Greg Meyer, the 26-year-old owner of a CertaPro Painters franchise outside St. Louis in Kirkwood, Missouri, says such a structure helped him develop business acumen. Meyer, who has been painting homes since he was a teen, brought solid technical skills to the table, but says he lacked some of the knowledge necessary to keep a business on the growth track.
“I saw that a franchised system would fill in the missing pieces that would make me successful,” says Meyer, who graduated from the University of Missouri with a degree in marketing. “It puts you in an environment around other franchisees.”
Meyer has bi-weekly goal-setting meetings with a regional manager who evaluates his progress and helps to identify market opportunities. “It’s really like a coach relationship,” he says.
Among the biggest deterrents to young operators is start-up funding. Even for veteran operators, commercial loans remain difficult to secure as historically franchise friendly lenders such as GE Capital have raised the bar on qualifications.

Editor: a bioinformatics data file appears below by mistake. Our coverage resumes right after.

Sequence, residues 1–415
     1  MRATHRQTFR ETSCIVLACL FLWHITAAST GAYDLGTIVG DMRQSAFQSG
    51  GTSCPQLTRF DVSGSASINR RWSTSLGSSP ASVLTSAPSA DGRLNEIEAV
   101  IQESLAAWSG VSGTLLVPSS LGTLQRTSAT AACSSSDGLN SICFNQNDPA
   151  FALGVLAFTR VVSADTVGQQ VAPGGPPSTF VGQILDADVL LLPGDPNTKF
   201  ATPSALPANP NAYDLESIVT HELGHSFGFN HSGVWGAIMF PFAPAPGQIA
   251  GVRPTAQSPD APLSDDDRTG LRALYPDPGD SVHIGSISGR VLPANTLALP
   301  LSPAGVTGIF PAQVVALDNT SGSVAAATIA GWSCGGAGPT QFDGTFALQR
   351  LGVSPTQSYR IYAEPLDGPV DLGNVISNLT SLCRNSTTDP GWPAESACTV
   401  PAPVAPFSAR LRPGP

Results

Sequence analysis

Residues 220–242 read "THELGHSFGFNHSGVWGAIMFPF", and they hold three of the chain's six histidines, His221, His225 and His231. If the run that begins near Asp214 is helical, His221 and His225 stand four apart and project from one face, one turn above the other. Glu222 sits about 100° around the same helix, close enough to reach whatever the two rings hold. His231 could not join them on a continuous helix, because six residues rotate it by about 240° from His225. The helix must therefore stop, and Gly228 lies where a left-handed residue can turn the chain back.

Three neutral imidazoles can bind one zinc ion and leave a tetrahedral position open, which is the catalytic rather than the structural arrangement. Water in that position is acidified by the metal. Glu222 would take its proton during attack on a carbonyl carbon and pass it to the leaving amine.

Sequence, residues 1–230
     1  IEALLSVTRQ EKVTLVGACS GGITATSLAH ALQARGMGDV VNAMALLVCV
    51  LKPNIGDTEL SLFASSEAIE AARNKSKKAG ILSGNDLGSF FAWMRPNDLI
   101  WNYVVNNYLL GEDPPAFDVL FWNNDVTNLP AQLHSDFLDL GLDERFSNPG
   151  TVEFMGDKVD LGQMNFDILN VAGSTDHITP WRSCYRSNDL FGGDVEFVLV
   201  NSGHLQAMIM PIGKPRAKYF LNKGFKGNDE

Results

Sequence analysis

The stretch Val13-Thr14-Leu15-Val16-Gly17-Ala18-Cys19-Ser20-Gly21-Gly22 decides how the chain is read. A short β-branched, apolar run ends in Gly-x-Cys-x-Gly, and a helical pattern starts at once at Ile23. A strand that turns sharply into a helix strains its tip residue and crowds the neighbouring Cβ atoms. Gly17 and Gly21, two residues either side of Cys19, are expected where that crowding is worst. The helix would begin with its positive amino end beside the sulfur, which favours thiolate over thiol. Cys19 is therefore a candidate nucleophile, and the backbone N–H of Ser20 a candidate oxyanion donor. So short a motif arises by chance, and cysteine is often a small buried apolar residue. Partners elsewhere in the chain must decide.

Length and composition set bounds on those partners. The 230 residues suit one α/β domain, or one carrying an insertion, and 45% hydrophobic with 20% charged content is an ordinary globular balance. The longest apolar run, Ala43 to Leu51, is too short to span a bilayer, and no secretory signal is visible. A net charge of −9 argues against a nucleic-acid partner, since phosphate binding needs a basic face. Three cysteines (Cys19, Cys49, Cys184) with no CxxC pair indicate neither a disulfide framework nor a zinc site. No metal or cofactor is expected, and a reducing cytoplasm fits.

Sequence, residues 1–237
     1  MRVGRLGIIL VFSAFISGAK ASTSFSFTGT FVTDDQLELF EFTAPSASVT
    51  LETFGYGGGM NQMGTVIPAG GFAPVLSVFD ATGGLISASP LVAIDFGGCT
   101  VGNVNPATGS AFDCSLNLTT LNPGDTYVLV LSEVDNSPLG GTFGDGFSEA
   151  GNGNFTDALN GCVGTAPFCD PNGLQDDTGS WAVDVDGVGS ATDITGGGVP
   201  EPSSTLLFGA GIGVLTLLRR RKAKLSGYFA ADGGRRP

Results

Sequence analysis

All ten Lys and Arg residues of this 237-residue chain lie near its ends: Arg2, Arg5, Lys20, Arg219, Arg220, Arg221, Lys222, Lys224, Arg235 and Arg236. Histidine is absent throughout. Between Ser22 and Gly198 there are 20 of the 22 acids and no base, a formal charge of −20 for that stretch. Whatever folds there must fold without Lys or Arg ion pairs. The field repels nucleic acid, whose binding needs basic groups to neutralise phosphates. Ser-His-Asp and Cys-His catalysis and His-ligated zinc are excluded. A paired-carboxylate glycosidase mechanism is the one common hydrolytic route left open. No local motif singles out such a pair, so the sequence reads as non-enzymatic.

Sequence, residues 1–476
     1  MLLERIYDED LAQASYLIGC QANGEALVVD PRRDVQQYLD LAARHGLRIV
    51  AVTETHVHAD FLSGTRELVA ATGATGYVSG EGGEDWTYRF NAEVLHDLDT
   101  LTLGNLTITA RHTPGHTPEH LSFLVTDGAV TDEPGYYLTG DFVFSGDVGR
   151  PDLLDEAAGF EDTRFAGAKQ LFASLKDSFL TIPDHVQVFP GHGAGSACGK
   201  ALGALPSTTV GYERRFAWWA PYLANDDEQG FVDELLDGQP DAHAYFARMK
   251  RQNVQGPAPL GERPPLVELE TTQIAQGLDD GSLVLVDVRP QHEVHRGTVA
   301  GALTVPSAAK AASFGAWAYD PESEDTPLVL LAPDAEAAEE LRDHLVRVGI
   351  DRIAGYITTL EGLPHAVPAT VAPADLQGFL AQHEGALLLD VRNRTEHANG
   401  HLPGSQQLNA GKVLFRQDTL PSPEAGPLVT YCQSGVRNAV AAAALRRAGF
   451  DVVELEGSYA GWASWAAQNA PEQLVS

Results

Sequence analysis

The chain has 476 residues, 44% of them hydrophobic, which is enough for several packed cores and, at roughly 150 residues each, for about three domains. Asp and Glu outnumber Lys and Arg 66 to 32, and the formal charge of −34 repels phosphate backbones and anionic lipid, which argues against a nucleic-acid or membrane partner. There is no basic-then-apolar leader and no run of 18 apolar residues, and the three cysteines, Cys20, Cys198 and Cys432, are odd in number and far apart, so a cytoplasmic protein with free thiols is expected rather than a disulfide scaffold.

Those who are able turn to family members for support. Meyer had to rely on his father for a line of credit after several banks turned him down for loans to purchase the $60,000 operation from a retiring franchisee in February this year.
Such hurdles are one reason young operators often gravitate toward service-oriented businesses with relative low cost barriers to entry, says Blair Nicol, a franchise broker with the San Diego office of FranNet.
“They have to go for pretty affordable service-based businesses,” says Nicol, adding that those businesses, which range from commercial cleaning to home-based healthcare, can be purchased for as little as $60,000 to $100,000 and run out of the house or a small office. Many restaurant franchises, by comparison, require outlays of $1 million or more, and a strong record of entrepreneurship.